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General Media Contacts: Business Hours (512) 389-4406, kristen.everett@tpwd.state.tx.us

Media Contact for This Release: (512) 389-8046, kristen.everett@tpwd.state.tx.us

Sept. 15, 2003

Reading, Writing, Wetlands: TPWD Unveils New Education Program

AUSTIN, Texas – Ann Miller wants today’s children to get out of the classroom. There’s a lot of Texas beyond the brick walls and hopscotch courts, and it’s calling to be explored.

“We’re trying to encourage teachers to get their students outside experiencing the world first-hand,” said Miller, aquatic education coordinator for the Texas Parks and Wildlife Department.

That just got easier with the new Texas Wetland Education Trunk, which is now available to be loaned out to teachers, scout leaders and camp counselors who wish to go a step beyond reading, writing and arithmetic. The trunk includes suggestions and equipment for both classroom and field activities tailored to different grade levels. Teachers can use the trunk for up to a month of time, depending upon the amount of requests each loaner location receives.

Wetlands in Texas are as diverse as the creatures living in them. The marshes, mud flats, deltas and stream banks keep the state in balance. But in some cases, humans have filled them up, drained them dry and used them for dumping waste.

“It’s important to let the public know about wetlands because wetlands provide very important goods and services to the public,” Miller said. “Coastal wetlands are nursery grounds for many of our most sought-after sportfish and crabs.”

Nearly 90 percent of the fish in Texas depend on wetlands for the first stages of their lives. Wetlands also control pollution and erosion and reduce flood damage, saving Americans nearly $30 billion a year in flood-related repair costs.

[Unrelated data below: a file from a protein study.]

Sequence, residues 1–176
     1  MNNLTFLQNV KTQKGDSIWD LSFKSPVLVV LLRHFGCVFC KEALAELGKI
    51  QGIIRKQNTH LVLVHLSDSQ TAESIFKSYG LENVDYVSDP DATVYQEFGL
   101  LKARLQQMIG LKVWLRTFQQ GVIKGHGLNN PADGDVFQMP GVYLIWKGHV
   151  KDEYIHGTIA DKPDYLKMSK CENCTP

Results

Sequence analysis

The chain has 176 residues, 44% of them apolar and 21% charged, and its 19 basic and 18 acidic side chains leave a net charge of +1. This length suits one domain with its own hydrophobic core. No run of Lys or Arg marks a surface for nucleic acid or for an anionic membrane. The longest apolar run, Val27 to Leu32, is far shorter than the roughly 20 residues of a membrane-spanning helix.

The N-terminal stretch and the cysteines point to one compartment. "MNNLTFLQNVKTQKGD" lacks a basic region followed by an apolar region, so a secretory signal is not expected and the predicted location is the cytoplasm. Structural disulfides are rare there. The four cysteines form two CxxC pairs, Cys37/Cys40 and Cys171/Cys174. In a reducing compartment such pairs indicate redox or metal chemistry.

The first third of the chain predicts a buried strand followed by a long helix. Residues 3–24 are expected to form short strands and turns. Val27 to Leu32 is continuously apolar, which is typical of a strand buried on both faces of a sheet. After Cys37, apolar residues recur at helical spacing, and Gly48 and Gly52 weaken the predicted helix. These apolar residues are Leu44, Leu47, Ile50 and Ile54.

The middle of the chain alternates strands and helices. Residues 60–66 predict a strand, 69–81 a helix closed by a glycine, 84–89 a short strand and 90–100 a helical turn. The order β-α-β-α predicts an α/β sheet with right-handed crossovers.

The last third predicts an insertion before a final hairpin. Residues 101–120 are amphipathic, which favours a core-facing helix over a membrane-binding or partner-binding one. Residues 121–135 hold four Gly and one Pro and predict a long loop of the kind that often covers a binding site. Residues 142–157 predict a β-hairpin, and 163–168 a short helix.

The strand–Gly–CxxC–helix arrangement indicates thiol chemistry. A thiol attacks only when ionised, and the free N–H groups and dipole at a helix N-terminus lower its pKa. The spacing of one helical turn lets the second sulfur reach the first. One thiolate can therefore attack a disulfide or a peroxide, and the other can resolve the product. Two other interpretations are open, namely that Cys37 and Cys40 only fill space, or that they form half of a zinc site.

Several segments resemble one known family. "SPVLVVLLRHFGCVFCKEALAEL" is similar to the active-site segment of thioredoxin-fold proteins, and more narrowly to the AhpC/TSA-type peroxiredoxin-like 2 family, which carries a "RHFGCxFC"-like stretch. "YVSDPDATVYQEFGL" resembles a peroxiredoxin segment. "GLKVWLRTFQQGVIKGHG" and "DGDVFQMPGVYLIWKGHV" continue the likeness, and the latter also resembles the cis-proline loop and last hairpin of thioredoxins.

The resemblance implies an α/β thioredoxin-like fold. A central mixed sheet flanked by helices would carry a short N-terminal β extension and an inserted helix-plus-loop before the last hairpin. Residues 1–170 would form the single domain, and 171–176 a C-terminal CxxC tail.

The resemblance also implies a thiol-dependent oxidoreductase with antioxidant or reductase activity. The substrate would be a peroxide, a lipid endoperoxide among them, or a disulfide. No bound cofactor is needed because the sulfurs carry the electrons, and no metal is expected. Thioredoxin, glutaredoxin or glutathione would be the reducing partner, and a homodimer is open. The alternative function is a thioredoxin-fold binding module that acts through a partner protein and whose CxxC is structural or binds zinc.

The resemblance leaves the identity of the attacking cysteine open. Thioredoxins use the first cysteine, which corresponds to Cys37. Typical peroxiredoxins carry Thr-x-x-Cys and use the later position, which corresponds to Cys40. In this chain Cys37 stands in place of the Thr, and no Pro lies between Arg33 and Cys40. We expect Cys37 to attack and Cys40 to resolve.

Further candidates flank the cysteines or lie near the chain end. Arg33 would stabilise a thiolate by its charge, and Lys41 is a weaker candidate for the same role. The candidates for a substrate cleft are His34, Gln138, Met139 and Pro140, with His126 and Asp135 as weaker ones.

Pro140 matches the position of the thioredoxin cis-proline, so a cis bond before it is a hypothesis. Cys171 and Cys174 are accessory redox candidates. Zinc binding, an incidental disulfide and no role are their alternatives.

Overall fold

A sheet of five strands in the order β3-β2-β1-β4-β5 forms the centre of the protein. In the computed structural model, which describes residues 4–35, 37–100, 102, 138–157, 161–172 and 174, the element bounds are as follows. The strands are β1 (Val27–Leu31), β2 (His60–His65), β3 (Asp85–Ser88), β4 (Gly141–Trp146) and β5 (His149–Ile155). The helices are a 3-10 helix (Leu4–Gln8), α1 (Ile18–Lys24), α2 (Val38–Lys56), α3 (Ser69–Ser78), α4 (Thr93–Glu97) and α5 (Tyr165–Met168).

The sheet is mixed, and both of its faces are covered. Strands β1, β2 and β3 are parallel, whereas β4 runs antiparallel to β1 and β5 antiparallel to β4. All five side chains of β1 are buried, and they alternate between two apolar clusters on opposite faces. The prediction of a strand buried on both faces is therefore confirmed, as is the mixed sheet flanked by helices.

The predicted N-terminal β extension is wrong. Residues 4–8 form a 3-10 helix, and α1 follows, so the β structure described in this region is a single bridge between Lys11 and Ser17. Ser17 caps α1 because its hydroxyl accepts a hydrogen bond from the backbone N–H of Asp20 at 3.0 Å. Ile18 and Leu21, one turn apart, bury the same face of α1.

These wildlife sanctuaries span the state, often fed by springs, lakes or rivers. In West Texas, those wetlands—cienegas—sustain fish and other animals that defy the dry desert laws.

Learning about them will help to stem wetland destruction in the future or bring them back (as was the case in Balmorhea State Park, which restored a cienega after nearly 70 years of spring diversion).

“Children are going to be future voters and landowners. It is important for them to grow up with this knowledge about wetlands,” Miller said.

There are 25 trunks out for loan across Texas that contain field guides, activities, posters, casts of animal tracks, audio CDs featuring the sound of wetland amphibians, videos about different Texas wetlands and invertebrate collecting equipment.

A new booklet, Texas Treasures: Wetlands, is also available to the public and makes a colorful state-specific reference book for educators. The booklet details types of wetlands in Texas, the wildlife they support, and how humans can help maintain healthy wetlands across the state. It also provides an additional reference for readers interested in wetlands.

For more information regarding the education kits and loaner locations, visit the Web site (http://www.tpwd.state.tx.us/edu/teacher.phtml) or call Miller at (512) 389-4732.

 

 

 

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